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Sony puts the final bullet in A-mount cameras 

Sony A-mount is dead

UPDATE: Sony has discontinued all A-mount lenses in Japan, performing the last rites for the system. The move comes six months after it delisted all A-mount cameras in the USA. 

As with was the case in America, no official announcement, final farewell or fond memories were shared by the manufacturer; Sony just quietly pulled the plug.

• Read more: Best Sony cameras (opens in new tab)

"All A-mount lenses are no longer sold at the Sony store," wrote Kukoku, which spotted the move. "With the end of the long-standing A mount for both the camera body, the E mount has become one of Sony's unique cameras."

UPDATE (05 Aug 2021): Sony has confirmed that it is no longer selling its A-mount cameras in the United States, but will continue to sell them in other countries such as Japan – and they also continue to be listed by Sony in the UK. 

The manufacturer delisted its remaining A-mount cameras – the Sony A99 II (opens in new tab), Sony A77 II and Sony A68 – from its US site back in April. However, all three cameras still remain on sale via Sony's UK site – and now Sony has confirmed that it will keep selling certain models (namely the A99 II) in Japan and other regions.

When asked by IT Media News (opens in new tab) why it is still selling the A99 II in Japan, Sony replied, "Because there are a certain number of customers for A-mount cameras." It did, however, state that, "We recognize that there is more demand for E-mounts (than A-mounts). We will continue to pursue the '1 Mount' strategy to unify E-mounts from entry-level SLR cameras to commercial cinema cameras."

The A-mount is dead in the US, but Sony is still selling cameras like the A99 II in the UK and Japan (Image credit: Sony)
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ORIGINAL STORY (05 May 2021): Sony has quietly put the final nail in the coffin of its A-mount camera system, as the last remaining DSLRs have been removed from its website – and have correspondingly been listed as discontinued by retailers.

At the end of April, it seems that Sony calmly led the Sony A99 II, Sony A77 II and Sony A68 cameras into the back yard and gave them the Old Yeller treatment, delisting them from the interchangeable lens cameras on the company website.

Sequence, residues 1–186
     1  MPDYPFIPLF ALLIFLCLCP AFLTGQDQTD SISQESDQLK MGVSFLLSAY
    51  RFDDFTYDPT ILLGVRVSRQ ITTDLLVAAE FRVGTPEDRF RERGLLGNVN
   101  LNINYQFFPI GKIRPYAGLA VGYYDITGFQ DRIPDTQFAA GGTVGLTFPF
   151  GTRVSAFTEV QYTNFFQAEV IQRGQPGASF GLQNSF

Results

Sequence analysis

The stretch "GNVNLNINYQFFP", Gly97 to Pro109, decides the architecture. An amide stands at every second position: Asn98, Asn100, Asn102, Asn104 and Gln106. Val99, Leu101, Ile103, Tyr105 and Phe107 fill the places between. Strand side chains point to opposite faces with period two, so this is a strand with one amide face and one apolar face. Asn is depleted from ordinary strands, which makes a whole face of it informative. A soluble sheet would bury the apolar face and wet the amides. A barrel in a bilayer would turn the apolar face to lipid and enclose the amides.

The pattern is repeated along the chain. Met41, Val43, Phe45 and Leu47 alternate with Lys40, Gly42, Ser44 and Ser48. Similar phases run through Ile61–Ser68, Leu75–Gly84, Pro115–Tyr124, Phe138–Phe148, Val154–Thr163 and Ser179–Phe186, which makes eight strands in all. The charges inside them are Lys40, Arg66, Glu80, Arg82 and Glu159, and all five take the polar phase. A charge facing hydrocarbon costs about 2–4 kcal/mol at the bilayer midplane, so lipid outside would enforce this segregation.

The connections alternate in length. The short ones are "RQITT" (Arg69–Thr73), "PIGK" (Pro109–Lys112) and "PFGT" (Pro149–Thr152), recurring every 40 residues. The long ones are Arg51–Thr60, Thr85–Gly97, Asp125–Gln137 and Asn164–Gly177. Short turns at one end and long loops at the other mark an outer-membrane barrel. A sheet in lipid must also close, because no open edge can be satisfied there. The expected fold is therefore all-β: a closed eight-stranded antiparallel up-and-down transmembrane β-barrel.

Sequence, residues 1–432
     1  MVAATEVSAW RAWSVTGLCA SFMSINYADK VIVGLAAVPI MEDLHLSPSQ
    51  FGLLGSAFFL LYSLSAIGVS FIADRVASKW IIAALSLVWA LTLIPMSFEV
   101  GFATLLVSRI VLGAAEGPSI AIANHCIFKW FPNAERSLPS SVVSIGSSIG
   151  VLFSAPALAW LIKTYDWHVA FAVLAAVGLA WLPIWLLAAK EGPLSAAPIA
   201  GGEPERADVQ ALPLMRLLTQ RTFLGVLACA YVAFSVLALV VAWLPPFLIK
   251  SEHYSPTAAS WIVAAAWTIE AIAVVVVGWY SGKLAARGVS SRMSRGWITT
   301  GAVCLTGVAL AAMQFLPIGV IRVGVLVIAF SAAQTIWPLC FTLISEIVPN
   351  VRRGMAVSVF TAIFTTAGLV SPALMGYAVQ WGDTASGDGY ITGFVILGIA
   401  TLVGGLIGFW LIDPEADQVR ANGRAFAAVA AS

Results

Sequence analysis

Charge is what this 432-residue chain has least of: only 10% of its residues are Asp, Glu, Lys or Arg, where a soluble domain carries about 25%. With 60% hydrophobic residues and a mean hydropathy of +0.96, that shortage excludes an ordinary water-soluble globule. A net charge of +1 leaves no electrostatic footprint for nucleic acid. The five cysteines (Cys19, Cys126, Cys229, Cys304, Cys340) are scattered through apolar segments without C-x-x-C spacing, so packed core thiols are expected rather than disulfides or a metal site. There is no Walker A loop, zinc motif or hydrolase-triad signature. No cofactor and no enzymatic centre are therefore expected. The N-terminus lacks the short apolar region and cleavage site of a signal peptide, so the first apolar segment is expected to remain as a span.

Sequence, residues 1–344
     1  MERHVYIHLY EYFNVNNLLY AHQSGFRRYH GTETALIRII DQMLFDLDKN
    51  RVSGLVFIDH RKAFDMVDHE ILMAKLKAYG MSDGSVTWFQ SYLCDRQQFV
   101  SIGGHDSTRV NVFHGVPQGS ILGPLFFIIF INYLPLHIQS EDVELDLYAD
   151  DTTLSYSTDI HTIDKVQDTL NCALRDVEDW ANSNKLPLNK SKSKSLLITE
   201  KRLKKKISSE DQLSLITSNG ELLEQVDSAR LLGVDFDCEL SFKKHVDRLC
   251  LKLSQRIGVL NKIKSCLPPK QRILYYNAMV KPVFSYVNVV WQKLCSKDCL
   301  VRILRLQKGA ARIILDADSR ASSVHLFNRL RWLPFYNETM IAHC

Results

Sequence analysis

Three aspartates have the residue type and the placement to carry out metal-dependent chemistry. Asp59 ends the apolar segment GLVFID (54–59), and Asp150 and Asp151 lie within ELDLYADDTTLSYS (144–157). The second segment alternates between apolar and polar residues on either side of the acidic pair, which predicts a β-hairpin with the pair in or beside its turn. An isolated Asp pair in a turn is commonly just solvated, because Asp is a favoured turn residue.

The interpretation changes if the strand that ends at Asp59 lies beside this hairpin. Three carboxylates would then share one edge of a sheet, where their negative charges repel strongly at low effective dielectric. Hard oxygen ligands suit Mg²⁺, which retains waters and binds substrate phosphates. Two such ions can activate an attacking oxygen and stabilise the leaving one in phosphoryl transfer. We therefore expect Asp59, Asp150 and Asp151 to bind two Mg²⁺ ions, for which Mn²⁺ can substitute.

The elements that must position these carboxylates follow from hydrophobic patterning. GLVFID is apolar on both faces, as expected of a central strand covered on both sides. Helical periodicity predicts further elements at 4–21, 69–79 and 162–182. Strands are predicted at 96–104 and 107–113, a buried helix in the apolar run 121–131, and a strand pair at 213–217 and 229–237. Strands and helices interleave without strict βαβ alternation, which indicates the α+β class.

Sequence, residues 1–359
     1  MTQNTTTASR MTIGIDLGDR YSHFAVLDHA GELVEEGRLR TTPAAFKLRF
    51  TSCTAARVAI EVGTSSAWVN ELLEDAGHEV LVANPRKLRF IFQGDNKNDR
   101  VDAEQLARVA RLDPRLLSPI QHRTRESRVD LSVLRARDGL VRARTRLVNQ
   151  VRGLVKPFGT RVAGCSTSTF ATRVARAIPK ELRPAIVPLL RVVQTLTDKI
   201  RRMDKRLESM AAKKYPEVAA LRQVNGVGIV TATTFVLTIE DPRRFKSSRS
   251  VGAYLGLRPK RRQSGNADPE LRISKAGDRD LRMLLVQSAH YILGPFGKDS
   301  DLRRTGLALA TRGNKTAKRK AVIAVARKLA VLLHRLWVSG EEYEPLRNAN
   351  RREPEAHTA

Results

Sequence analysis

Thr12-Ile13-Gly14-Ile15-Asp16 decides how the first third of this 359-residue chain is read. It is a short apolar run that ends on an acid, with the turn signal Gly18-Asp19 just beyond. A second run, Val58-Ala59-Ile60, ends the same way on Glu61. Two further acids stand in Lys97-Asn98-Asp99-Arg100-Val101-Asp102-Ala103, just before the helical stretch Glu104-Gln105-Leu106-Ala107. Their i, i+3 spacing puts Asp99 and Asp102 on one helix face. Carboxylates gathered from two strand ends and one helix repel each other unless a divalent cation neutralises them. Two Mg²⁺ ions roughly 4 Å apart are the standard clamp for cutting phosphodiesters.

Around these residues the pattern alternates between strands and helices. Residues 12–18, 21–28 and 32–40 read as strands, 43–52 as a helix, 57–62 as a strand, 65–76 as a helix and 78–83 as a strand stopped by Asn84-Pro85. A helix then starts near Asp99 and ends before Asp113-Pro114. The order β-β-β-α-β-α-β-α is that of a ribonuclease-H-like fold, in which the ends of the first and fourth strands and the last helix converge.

Concurrently, the A99 II was also listed as "no longer available" on sites like B&H, where its siblings were already long gone (as spotted (opens in new tab) by Sony Alpha Rumors).  

The news comes as little surprise, since the Sony A99 II was the last A-mount camera released – and that was way back in 2016. While Sony stated in 2017 (opens in new tab) that it would continue to develop A-mount bodies and lenses, the writing has been on the wall for the system for some time.

Indeed, the last A-mount-related development came last year, when the manufacturer announced the Sony LA-EA5 (opens in new tab) mount adapter to use A-mount lenses on E-mount camera bodies with the best performance (including phase detect autofocus and real-time Eye AF for humans and animals). 

This, it seems, was the last bridge to get A-mount users to cross over to the mirrorless realm. 

It marks a sad but inevitable end for Sony's DSLR era. The A99 II is still a formidable camera, boasting a 42.4MP image sensor, 4K video, phase detect AF and 12fps continuous burst shooting, all of which gave the Canon EOS-1D X Mark II (opens in new tab) and Nikon D5 (opens in new tab) a run for their money. Of course, it's no match for today's Sony A1 (opens in new tab), Sony A9 II (opens in new tab), Canon EOS-1D X Mark III (opens in new tab) or Nikon D6 (opens in new tab)

Every dog has its day, though, and in 2021 that day came for the A99 II and the A-mount. Thanks for the memories!

Read more: 

Sony A99 II review (opens in new tab)
Sony A1 review (opens in new tab)
Sony A9 II review (opens in new tab)
Best Sony lenses (opens in new tab)
Getting the best out of your Sony camera (opens in new tab)

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The editor of Digital Camera World, James has 21 years experience as a magazine and web journalist and started working in the photographic industry in 2014 (as an assistant to Damian McGillicuddy, who succeeded David Bailey as Principal Photographer for Olympus). In this time he shot for clients as diverse as Aston Martin Racing, Elinchrom and L'Oréal, in addition to shooting campaigns and product testing for Olympus, and providing training for professionals. This has led him to being a go-to expert for camera and lens reviews, photographic and lighting tutorials, as well as industry analysis, news and rumors for publications such as Digital Camera Magazine (opens in new tab)PhotoPlus: The Canon Magazine (opens in new tab)N-Photo: The Nikon Magazine (opens in new tab)Digital Photographer (opens in new tab) and Professional Imagemaker, as well as hosting workshops and demonstrations at The Photography Show (opens in new tab). An Olympus and Canon shooter, he has a wealth of knowledge on cameras of all makes – and a fondness for vintage lenses and instant cameras.